How To Keep Deer Out Of Your Garden

keep deer out of your garden

Completely effective deer fence, lol

Seeing a deer in the wild can be an exciting experience, but seeing one in your garden… not so much. If you live near a forested area where deer live, the novelty of these animals quickly wears off and that’s why you’re here looking for a way to keep deer out of your garden.

To them, your garden looks like an all-you-can-eat buffet, which means that even a single deer can completely decimate your garden (including trampling it).

To keep your garden safe, you need to figure out ways that will effectively keep deer out without needing to create a completely enclosed greenhouse.  There are many different options out there and some may work well for your particular situation, while others might not. Here are a few key approaches that you can try to make sure deer munch on wild plants instead of  the ones you’re growing.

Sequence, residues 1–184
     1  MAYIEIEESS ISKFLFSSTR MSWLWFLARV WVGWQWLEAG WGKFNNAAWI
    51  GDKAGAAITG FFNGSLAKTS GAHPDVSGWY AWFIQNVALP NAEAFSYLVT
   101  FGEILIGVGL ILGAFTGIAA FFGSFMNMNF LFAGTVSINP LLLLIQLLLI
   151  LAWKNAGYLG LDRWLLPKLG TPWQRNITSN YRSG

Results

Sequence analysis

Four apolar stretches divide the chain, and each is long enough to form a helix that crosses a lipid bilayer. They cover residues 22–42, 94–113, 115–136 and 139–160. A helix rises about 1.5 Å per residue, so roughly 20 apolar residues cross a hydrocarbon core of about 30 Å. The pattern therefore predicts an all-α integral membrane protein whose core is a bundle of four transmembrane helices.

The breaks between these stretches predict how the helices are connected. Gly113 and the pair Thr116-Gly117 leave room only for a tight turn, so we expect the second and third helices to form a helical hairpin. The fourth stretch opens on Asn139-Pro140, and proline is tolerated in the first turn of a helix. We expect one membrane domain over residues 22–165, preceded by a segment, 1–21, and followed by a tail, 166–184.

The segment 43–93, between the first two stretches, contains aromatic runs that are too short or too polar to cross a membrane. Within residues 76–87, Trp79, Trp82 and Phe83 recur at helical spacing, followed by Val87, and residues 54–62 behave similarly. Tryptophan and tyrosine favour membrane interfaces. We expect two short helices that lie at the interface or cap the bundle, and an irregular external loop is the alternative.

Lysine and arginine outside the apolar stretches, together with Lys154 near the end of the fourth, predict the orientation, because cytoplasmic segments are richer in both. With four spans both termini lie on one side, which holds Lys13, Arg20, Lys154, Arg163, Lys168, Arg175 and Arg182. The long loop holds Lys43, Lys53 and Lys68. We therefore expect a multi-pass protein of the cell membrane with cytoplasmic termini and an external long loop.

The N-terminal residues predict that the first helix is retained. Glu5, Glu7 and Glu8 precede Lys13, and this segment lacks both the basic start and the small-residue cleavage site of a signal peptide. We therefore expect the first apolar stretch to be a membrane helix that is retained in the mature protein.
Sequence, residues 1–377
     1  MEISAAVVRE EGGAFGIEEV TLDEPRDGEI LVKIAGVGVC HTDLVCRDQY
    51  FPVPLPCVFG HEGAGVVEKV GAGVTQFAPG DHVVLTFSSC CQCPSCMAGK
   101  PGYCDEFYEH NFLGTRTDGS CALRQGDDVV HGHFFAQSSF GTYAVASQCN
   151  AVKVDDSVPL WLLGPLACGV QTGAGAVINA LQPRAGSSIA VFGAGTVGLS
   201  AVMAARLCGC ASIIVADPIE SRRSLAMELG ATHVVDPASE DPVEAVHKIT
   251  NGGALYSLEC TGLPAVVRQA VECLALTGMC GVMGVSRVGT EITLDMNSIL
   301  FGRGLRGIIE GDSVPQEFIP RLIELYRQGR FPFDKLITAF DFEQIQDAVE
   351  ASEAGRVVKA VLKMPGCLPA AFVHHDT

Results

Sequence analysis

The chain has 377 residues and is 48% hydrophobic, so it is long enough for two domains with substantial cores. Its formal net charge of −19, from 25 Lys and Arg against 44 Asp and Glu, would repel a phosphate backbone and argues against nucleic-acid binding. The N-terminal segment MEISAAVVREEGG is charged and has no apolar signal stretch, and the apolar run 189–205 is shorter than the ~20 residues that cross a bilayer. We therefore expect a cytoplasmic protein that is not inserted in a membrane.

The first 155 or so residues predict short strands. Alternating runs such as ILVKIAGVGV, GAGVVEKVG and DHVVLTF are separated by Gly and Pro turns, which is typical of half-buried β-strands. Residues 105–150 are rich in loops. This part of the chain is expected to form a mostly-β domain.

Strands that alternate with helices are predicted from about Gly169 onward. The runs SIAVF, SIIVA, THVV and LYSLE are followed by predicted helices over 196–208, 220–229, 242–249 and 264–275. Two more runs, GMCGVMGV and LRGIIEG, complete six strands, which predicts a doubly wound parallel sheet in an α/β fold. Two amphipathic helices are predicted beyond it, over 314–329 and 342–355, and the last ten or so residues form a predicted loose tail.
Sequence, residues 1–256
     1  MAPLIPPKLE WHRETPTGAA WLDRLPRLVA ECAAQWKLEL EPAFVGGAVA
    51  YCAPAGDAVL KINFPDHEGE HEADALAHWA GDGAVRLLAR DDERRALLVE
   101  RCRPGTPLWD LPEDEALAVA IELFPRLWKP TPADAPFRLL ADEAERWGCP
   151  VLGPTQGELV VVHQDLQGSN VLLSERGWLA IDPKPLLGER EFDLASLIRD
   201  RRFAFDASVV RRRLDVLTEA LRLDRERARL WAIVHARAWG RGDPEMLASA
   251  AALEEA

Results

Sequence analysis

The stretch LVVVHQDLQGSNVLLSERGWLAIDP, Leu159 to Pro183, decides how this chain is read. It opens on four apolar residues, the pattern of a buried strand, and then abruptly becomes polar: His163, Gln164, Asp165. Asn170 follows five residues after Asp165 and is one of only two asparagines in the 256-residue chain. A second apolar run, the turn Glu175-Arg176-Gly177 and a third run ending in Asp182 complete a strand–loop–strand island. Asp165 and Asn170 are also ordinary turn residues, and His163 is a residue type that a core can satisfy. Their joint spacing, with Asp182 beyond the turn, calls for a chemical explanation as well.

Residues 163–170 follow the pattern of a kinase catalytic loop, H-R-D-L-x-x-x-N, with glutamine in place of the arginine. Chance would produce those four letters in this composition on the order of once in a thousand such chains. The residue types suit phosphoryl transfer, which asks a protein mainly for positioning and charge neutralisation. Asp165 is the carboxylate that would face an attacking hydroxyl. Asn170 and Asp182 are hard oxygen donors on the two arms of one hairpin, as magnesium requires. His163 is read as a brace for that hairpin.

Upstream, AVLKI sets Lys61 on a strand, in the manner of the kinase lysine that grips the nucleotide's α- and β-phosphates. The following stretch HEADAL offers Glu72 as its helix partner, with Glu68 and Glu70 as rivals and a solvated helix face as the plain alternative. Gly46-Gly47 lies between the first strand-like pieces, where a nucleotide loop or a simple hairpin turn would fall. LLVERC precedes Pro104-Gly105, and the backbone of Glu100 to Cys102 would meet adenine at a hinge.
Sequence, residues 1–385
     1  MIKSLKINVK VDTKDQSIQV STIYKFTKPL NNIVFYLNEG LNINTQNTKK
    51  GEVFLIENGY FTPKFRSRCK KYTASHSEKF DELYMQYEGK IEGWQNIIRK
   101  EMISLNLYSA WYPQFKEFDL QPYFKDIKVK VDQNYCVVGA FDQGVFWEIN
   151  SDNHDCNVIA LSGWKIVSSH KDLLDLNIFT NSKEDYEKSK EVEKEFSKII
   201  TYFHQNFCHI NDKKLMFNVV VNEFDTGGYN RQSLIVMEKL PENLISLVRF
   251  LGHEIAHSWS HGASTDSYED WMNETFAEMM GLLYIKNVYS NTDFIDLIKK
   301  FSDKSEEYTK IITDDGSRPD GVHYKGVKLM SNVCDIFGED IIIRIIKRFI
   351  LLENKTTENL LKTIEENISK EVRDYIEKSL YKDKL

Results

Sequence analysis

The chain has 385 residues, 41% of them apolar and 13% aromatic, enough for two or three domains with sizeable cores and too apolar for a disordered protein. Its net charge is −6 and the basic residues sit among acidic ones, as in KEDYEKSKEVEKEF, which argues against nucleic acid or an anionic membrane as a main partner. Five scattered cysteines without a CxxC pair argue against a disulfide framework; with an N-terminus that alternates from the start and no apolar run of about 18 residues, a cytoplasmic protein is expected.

Frighten Them Away

Deer have a number of natural predators, so they always have to be alert. You can use this to your advantage by using approaches that can scare them off.

A good way of doing this is sudden noises. For example, there are some devices you can get that make ultrasonic noises that deer can hear that keeps them away. The devices operate at a frequency that humans can’t hear (similar to a dog whistle).

Simpler noise deterrents can also be used. For example, stringing up cans or pie pans to rattle in the wind can create a sudden sound that can be alarming to deer.

Another noise-based deterrent is if you have a dog that will bark at the deer. Careful with dogs though, because they can run off after the deer, or even start fighting with it. If you’ve never seen a deer and a dog fight, the dog pretty much loses all the time. Plus, this isn’t a very practical solution for people who don’t have a dog or don’t want one.

You can also use scarecrows or stringers to try and frighten deer. Things that move in the wind are good approaches as the movement can catch the attention of the deer and frighten them. Shiny objects that catch the light will be more easily seen and probably have a bigger effect, at least during the day.

Hey, even a sneeze works!

There is a catch though!